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Big Day Coming for Nvidia Shares (21st February)

February 19, 2024

I just found an informative analysis of Nvidia and why the business is so successful and looks poised for further success.

Nvidia is the Apple of artificial intelligence, one bull explained to me this past week. I don’t want to sound like the Microsoft of stating the obvious, but this seems like a good thing. It means Nvidia, whose split-adjusted stock has multiplied nearly 18 times in five years, and whose data-centre revenue is estimated to have tripled over the past year, might yet find ways to beat even euphoric expectations.

Let’s hope so. Just this year, Nvidia blew past Amazon.com and Alphabet to become the third-largest company in the S&P 500, behind Apple and current leader Microsoft. That gives it plenty of pull on index fund returns — Nvidia’s $1.8 trillion market value is more than 4pc of the S&P 500. Its rise is a key reason that the index has returned 22pc over the past year. If there are other companies in the market’s top 20 with the potential to gain 224pc in a year, like Nvidia just did, I’m not seeing them. Home Depot? That would be a lot of screws. JPMorgan Chase? Not even Jamie Dimon could believe that.

The same bull who compares Nvidia to Apple also tells me that Nvidia will have to “thread the needle” when it reports fourth-quarter financial results this coming Wednesday after the market closes. This is concerning. From what I vaguely remember about needle-threading, the best-case scenario involves twisting, a bit of saliva, and hopefully no blood.

Let me start with the Apple thing and then come to the needle business. The bull is Ben Reitzes, head of technology coverage at independent Melius Research. He keeps a framed copy of his report from January 2004, when he worked at UBS and upgraded Apple stock from Neutral to Buy, where he kept it for many years. The upgrade, at what Reitzes calculates was a split-adjusted 17 cents per share, was years before the iPhone, and based on factors like iPod momentum and retail profitability.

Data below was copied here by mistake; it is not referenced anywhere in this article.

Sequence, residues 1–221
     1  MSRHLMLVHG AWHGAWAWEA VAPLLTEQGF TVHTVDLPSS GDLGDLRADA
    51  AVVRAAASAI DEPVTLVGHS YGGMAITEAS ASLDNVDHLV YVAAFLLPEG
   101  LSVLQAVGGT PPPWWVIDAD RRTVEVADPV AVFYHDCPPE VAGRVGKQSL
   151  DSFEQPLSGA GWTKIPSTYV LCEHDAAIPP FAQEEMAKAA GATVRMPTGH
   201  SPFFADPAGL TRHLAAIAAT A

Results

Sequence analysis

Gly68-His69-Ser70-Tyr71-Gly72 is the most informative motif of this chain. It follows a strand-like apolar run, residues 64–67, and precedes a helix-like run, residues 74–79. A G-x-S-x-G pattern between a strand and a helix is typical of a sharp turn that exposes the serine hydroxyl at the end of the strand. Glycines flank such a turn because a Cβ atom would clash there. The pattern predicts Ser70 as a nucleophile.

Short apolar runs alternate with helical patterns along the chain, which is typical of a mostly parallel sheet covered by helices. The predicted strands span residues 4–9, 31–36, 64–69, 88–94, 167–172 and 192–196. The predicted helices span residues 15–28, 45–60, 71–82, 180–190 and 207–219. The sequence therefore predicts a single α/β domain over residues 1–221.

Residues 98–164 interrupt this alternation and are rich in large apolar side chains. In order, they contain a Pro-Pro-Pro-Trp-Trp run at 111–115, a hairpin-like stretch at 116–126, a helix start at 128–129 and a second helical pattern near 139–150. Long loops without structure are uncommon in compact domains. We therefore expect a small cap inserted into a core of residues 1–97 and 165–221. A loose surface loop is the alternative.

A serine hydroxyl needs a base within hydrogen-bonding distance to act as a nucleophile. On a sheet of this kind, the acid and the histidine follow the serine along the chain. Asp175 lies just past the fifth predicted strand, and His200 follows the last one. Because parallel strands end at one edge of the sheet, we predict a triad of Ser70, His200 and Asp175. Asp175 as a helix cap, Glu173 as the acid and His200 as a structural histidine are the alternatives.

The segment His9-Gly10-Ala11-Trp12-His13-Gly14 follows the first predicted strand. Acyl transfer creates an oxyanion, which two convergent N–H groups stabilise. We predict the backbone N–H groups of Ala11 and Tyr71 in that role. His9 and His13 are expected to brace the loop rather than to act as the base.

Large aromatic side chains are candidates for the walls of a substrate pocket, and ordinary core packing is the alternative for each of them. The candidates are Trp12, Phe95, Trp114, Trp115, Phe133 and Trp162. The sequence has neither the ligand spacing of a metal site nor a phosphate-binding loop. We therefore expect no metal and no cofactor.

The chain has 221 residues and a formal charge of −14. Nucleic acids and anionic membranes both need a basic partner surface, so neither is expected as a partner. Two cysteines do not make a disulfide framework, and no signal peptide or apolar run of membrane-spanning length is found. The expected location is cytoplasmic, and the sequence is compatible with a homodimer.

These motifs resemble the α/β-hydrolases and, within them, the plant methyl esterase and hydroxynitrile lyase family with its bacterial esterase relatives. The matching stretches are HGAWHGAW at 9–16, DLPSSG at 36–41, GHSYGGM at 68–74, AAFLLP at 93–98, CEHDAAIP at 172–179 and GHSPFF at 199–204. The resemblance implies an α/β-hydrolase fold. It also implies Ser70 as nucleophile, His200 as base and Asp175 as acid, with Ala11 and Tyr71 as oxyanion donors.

Reitzes’ first task after joining Melius 10 months ago was to launch coverage of Nvidia at Buy, but the initiation report took three months to prepare, with the stock rising the whole time. “Every day, just ta-tick, ta-tick, ta-tick,” he says. “But anyway, it still worked.” Today his price target of $920 implies 24pc upside from recent levels, with Nvidia entering what he calls its 30/30 season — marching toward more than $30 in earnings per share over the next few years, more than double its estimated take last year, and deserving a stock price of 30 times that figure.

The first key parallel with Apple is an end market that’s turning out to be bigger than previously expected. The iPhone replaced cameras, camcorders, answering machines, and personal digital assistants, and made smartphones ubiquitous. Nvidia makes chips that accelerate servers, which is a must-have for AI applications, which are steadily creeping into software and services, in part because one of the things AI can do is chomp through vast oceans of data to figure out new ways to make itself useful.

That raises the question of whether all servers, or nearly all of them, will need to be accelerated in the future. “An unaccelerated server will be the flip phone of a data centre within 10 years,” says Reitzes. In December, Nvidia rival Advanced Micro Devices raised its estimate of the total addressable market, or TAM, for AI accelerators, including memory, to $400bn by 2027 — up from $150bn six months prior. The new figure provides more than enough room for both companies to thrive.

A second parallel is CUDA. If you’re wondering why a chip company is taking over the S&P 500, even though internet pioneer Marc Andreessen told us in a 2011 essay that “software is eating the world,” it’s because Nvidia, like Apple, is a software company in disguise. CUDA is a software layer that optimizes Nvidia’s chips and allows customers to build applications. Its model libraries and network of experts aren’t easily replicated. I can’t tell you the processor speed or pixel count on my iPhone, but I can tell you that I get one every three years, and I’m not migrating 23,000 family photos and 4,300 videos to anything new. I’m sure I’m understating how data scientists feel about Nvidia’s impressive chip specs, but you get the idea.